Flush With Good Intentions

See, now this is the kind of thing I’ve been talking about:  today’s headlines regarding medicine and health care are often so stupid, so incomprehensibly ridiculous, that it’s getting tough to tell whether or not I’m being had by well-crafted parody.

Take for instance, the opioid “CRISIS.”  Apart from inviting state officials to further meddle in practices that were not problematic to begin with, the fashionable hysteria leads to all sorts of dumb spinoffs.  “Albertsons Companies is offering customers an easy at-home opioid disposal option at nearly 1,800 pharmacy counters across the country.” 

Is this wonderful service free?  No, there is a nominal $1.20 charge per packet of a “proprietary powder” mixed with water in the pill vial to render the threatening opioids harmless, a service so comforting and anxiety alleviating that the user should offer to pay triple for the sheer piece of mind doubtless to wash over him.  With admirable self-effacing modesty, Albertsons says their magical powder is “effective, eco-friendly.” 

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Sceptics and scoffs will suggest that the kindly supermarket chain is merely trying to deflect any future legal concerns attached to their pharmacies as collateral damage from this “CRISIS,” but that would be unworthy of so noble an effort from a corporation which at any rate has no known ties to Chinese fentanyl distribution.  Certainly counters will sport posters and staff will offer friendly reminders to arthritic seniors, attempting to guilt them, or their families, for their own good into turning these medications threatening to unravel the last shreds of our civic unity.  “As it stands, more than 1,700 Albertsonspharmacies have pharmacists trained to administer naloxone, which is a medication used to reverse the effects of an opioid overdose. In addition, 4,500 of its pharmacists are trained to counsel patients on the benefits, availability and eligibility of naloxone therapy.”  Yes, heroes come in all sizes and shapes of white coats.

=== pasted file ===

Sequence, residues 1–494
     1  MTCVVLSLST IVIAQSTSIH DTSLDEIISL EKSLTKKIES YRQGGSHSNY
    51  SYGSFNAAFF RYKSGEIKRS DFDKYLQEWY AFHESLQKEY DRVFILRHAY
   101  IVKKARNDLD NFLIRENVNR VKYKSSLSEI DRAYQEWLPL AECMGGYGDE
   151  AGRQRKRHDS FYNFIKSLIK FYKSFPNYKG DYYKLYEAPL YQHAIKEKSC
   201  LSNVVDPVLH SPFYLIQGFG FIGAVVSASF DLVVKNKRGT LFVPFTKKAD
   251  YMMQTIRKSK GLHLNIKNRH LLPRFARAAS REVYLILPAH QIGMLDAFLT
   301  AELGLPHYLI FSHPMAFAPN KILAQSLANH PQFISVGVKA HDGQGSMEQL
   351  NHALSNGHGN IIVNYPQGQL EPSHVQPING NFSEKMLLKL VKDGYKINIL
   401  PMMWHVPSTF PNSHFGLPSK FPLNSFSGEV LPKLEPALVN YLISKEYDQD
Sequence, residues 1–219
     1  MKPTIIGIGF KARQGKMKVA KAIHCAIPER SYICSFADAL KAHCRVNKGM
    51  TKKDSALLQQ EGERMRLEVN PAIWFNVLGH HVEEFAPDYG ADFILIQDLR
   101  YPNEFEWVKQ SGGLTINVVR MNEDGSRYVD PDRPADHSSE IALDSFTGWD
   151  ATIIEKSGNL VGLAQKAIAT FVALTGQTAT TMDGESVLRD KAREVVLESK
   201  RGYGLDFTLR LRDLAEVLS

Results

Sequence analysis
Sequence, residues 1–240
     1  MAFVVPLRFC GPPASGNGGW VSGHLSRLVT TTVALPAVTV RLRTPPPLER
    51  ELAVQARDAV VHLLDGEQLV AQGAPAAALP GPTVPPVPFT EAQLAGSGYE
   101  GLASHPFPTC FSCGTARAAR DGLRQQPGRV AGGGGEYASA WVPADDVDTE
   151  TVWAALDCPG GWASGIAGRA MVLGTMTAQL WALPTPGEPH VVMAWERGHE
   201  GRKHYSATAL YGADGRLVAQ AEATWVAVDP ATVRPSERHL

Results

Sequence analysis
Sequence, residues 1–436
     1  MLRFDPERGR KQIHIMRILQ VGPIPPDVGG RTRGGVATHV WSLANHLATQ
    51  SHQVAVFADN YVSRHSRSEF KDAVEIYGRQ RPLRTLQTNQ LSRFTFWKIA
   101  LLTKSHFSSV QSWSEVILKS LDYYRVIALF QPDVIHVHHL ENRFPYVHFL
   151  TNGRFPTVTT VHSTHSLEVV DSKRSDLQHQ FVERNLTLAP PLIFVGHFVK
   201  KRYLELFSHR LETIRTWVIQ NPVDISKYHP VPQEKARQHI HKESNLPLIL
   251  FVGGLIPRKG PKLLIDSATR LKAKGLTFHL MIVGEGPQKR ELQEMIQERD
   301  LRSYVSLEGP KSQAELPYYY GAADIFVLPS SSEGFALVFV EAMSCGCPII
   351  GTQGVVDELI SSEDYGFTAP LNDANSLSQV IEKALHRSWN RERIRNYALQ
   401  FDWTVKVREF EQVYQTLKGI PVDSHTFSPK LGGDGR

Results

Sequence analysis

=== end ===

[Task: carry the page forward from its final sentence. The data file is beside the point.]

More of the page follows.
“’In less than a minute, patients can prevent their leftover opioids from being diverted in their communities, prevent accidental poisonings in the home, and avoid polluting the water supply,’ said Mark Panzer, senior vice president of Pharmacy Health and Wellness of Albertsons Companies.” 

One can expect this noble effort to be just as effective in decreasing opioid deaths as various gun buyback programs have been at reducing shooting deaths.

Of course, the miscreant opioid gobblers so threatening to their communities could simply flush their pills.  But where’s the virtue in that?

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Pat Conrad MD

Pat Conrad is a full-time rural ER doc on the Florida Gulf Coast. After serving as a carrier naval flight officer, he graduated from the University of Florida College of Medicine, and the Tallahassee Family Medicine residency program. His commentary has appeared in Medical Economics and at AuthenticMedicine.com . Conrad’s work stresses individual freedom and autonomy as the crucial foundation for medical excellence, is wary of all collective solutions, and recognizes that the vast majority of poisonous snakebites are concurrent with alcohol consumption. 

  2 comments for “Flush With Good Intentions

  1. JRDO
    September 23, 2019 at 10:03 am

    In my area there are pharmacies that dispense Atorvastatin, Metformin, Amoxicillin, Cephalexin, Bactrim DS and a few other rx at no cost. No cost to the patient and no bill to the pharmacy. Why do they do this? It’s a loss leader- get the customer in the door for free cheapo items and they are likely to buy something else as they go through the store.
    Albertson’s is probably doing the same thing here, just trying to get people into the store..
    It’s business as usual.

  2. Randy
    September 23, 2019 at 9:03 am

    Great that Albertson’s has trained their pharmacists to administer Naloxone for all those patients actually overdosing at the pharmacy.

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